In memory of late Dipankar Chakraborty on 10th death anniversary

Dipankar Chakraborty

This year, on January 27th, democratic forces commemorated the 10th anniversary of late Professor Dipankar Chakraborty, the founding editor of the independent left Bangla journal Aneek and a stalwart of the Association for Protection of Democratic Rights. Without doubt one of our finest and most progressive intellectuals, who till his last breath, strived to render service to humanity. Above all a mascot for the Communist Revolutionary or democratic camp as a whole.

He was 71.  A cardiac patient, he had suffered a respiratory problem in the evening and died on the way to hospital.  He was survived by his wife, son, daughter, and grandchildren

After his retirement as a lecturer, he settled in Kolkata and immersed himself completely in people’s movement. During the Singur and Nandigram days, he raised his powerful voice. He had visited the affected areas numerous times, was a member of people’s tribunal and was man-handled and detained for some time by the authorities.

Deteriorating health curtailed his capabilities to integrate in mass work towards the end.

In his last few days he was busy in editing a collection of essays, translated from the Monthly Review in Bengali, to be published in the forthcoming Book Fair. He never left any job half-done.

I was privileged to have met and discussed with him. Touching to remember his simplistic but open nature, with no pretence..Regretful that he left us so early with his remarkable talents as a progressive political writer and economic analysis. Dipankar was a most accomplished political commentator who wrote several books to his credit.

In the darkest days or with the movement at low ebb Dipankar Chakraborty would unflinchingly stand up like a shining star and lifted the sagging morale of activists.

His departure was major loss to the progressive democratic movement as a whole. He could analyse a wide range of issues most articulately, with a most symmetric methodology. It was admirable that he never resorted to mere rhetoric and expressed views in a most balanced manner.  Few in his day, could infuse as much lie into mass movements, as him. His skills are deeply missed today in garnering democratic forces to give progressive turn to movements and in offering a lucid, critical analysis of issues like Ukraine War, Palestine or Hindutva fascism. Loss of Chakaborty,was similar to the void caused by death of Samar Sen ,editor of Frontier Weekly ,in 1987.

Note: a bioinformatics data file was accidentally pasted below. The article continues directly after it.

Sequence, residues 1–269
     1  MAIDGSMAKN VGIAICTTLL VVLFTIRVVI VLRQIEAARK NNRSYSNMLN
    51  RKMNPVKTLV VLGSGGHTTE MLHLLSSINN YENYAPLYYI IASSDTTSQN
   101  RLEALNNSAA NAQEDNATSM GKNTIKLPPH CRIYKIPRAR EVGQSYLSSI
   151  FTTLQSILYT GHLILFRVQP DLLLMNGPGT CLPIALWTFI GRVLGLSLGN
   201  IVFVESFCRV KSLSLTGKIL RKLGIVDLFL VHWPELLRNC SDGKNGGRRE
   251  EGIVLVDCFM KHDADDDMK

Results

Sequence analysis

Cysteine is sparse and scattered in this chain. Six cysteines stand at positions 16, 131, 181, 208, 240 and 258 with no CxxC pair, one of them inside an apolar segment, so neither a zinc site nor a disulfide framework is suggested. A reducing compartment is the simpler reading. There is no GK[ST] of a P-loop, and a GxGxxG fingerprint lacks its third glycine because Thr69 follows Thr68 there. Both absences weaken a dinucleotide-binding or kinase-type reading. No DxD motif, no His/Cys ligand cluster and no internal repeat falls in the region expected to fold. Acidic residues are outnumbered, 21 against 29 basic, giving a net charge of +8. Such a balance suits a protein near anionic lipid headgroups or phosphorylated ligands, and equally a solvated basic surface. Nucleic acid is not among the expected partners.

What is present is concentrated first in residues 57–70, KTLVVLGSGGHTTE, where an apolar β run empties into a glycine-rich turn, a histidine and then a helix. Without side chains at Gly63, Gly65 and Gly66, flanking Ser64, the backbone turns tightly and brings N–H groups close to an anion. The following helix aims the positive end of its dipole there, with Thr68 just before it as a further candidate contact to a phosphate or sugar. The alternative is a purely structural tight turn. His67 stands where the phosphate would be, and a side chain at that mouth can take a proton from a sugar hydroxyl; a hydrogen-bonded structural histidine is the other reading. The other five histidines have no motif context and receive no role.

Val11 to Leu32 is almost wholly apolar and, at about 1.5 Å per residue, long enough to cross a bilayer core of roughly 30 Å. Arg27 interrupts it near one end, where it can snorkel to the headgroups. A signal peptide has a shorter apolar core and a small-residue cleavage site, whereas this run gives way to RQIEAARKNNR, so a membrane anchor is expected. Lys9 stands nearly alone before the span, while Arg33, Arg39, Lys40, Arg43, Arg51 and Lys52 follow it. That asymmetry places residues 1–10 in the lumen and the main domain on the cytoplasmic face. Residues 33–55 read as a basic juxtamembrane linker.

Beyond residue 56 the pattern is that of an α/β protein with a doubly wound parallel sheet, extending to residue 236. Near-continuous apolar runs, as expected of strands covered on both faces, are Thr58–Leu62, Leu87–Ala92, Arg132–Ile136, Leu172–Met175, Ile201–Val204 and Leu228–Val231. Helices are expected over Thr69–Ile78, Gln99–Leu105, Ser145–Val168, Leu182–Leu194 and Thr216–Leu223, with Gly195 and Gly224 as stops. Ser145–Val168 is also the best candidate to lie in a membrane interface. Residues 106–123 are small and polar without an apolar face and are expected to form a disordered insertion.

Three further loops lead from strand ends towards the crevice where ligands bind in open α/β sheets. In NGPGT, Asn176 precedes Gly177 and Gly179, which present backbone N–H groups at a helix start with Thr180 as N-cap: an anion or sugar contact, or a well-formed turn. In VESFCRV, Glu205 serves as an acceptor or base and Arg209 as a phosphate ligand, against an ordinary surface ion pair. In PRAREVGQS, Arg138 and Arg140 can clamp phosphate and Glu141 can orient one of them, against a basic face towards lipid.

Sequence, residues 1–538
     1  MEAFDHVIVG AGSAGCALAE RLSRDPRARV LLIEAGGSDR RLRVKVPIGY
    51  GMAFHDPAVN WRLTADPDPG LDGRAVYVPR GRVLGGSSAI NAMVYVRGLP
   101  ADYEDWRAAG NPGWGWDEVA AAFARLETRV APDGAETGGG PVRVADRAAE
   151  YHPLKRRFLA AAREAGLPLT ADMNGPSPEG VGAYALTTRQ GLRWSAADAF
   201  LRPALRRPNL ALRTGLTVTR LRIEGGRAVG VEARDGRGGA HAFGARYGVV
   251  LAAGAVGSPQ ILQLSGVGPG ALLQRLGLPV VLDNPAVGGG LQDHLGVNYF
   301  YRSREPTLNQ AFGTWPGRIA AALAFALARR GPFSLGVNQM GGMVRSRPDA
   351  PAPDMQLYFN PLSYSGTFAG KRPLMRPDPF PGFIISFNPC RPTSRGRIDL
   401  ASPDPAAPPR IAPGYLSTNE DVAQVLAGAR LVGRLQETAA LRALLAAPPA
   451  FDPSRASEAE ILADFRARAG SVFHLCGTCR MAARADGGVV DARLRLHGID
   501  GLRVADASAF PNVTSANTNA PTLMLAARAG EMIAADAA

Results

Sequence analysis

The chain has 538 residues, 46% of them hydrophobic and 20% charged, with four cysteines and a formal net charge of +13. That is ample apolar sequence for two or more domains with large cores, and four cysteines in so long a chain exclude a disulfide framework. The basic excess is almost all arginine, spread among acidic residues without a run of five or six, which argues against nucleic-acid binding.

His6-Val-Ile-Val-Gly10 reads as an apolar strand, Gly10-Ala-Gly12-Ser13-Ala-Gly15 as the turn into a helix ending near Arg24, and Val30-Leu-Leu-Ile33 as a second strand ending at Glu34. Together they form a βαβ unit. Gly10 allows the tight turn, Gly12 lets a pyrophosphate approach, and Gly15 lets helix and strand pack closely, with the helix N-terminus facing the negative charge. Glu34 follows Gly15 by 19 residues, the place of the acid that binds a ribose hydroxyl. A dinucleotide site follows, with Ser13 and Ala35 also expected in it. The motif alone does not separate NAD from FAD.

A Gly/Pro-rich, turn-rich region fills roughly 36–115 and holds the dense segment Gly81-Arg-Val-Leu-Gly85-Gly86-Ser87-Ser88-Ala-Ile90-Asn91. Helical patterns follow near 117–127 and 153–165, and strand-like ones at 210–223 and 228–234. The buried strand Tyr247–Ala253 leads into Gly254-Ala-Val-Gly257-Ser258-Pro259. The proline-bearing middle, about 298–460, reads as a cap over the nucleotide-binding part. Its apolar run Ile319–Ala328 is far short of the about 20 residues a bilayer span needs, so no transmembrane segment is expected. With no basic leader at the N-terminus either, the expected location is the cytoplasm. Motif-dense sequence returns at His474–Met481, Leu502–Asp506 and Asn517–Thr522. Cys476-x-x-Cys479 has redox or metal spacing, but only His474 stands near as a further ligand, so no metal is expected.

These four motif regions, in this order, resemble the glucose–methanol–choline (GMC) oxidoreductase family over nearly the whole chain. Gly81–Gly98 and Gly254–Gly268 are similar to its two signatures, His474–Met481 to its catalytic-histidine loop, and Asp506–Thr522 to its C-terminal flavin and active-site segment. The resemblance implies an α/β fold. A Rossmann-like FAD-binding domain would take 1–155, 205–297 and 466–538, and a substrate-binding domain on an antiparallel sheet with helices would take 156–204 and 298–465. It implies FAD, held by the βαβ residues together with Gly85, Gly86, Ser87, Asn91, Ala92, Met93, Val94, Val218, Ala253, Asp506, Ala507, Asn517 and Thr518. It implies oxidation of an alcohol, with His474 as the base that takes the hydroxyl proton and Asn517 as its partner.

We need stalwarts like Dipankar Chakraborty to be re-born with Hindutva neo-fascism and human rights violations shimmering at an unprecedented wave and a deep void or vacuum in genuine progressive intellectuals. The left and democratic movement is vitiated with powerful ecclectism , sectarianism and egoism.. There is lack of coherent analysis amongst Marxist or progressive forces today, with strong deviations towards Ambedkarist or New Left ideology.

Noted novelist and activist Mahasveta Devi, who knew Chakraborty at time of his departure stated.  “I am deeply grieved.  It’s an irreplaceable loss for the human rights movement as well as for me,” the octogenarian writer said.  Poet Sankhaya Ghosh also mourned Chakraborty’s death.  “I feel like losing a near and dear one,” he said.

Journals like Monthly Review and Aspects of India’s Economy praised his lauadable contribution as a revolutionary democrat. Peoples Union for democratic Rights also deeply grieved his loss. Former secretary of All India Peoples Resistance Forum,Arjun Prasad Singh, also paid him high complements.

One should embark on compiling Chakraborty’s writings in a single book, being translated into English. It would be part of treasure house of any Marxist or progressive thinker.

Early Life

Chakraborty was born in Dhaka in 1941 and grew up in Murshidabad after the partition.  Educated in Baharampur and Kolkata, he taught economics at Krishnanath College at Baharampur.  He later settled in Kolkata.

Gaining his baptism within the left movement since the sixties,. In the mid 60s when Chakraborty was a young political activist, he started a radical magazine called Punoscho from his hometown, Berhampur, which ultimately became Aneek, the Bengali monthly. Chakraborty did not join the CPI (ML) when it was formed in 1969; instead he contributed actively through Aneek.

Chakraborty embarked on role of publishing and editing Aneek in 1964 when deviations in the CPI on ideo-political issues led to its first split and the birth of the CPI (M).

Dipankar was an activist in the student movement in his student days, was also shaping the disoriented teachers’ front at the district level. Punascha, the literary effort vibrantly spread in other areas of culture, a cultural society; a debate society and a vibrant film society were also created